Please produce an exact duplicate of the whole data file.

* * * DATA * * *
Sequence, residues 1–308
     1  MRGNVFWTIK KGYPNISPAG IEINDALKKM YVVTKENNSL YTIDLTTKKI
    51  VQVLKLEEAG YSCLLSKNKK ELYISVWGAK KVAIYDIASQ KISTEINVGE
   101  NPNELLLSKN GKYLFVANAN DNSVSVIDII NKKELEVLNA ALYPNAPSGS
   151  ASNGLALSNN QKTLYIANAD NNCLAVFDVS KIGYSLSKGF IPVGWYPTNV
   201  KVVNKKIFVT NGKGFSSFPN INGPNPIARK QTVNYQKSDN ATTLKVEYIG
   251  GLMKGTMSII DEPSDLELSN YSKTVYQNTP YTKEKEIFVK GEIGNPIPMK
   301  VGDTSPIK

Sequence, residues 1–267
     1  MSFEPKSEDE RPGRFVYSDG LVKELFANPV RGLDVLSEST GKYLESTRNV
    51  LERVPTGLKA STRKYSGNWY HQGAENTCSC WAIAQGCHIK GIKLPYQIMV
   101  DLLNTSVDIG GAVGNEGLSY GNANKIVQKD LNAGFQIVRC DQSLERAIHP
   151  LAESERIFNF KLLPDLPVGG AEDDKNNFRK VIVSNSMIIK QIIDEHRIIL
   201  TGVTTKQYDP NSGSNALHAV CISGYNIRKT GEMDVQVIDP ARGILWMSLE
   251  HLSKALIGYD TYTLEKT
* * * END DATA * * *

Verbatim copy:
Sequence, residues 1–308
     1  MRGNVFWTIK KGYPNISPAG IEINDALKKM YVVTKENNSL YTIDLTTKKI
    51  VQVLKLEEAG YSCLLSKNKK ELYISVWGAK KVAIYDIASQ KISTEINVGE
   101  NPNELLLSKN GKYLFVANAN DNSVSVIDII NKKELEVLNA ALYPNAPSGS
   151  ASNGLALSNN QKTLYIANAD NNCLAVFDVS KIGYSLSKGF IPVGWYPTNV
   201  KVVNKKIFVT NGKGFSSFPN INGPNPIARK QTVNYQKSDN ATTLKVEYIG
   251  GLMKGTMSII DEPSDLELSN YSKTVYQNTP YTKEKEIFVK GEIGNPIPMK
   301  VGDTSPIK

Sequence, residues 1–267
     1  MSFEPKSEDE RPGRFVYSDG LVKELFANPV RGLDVLSEST GKYLESTRNV
    51  LERVPTGLKA STRKYSGNWY HQGAENTCSC WAIAQGCHIK GIKLPYQIMV
   101  DLLNTSVDIG GAVGNEGLSY GNANKIVQKD LNAGFQIVRC DQSLERAIHP
   151  LAESERIFNF KLLPDLPVGG AEDDKNNFRK VIVSNSMIIK QIIDEHRIIL
   201  TGVTTKQYDP NSGSNALHAV CISGYNIRKT GEMDVQVIDP ARGILWMSLE
   251  HLSKALIGYD TYTLEKT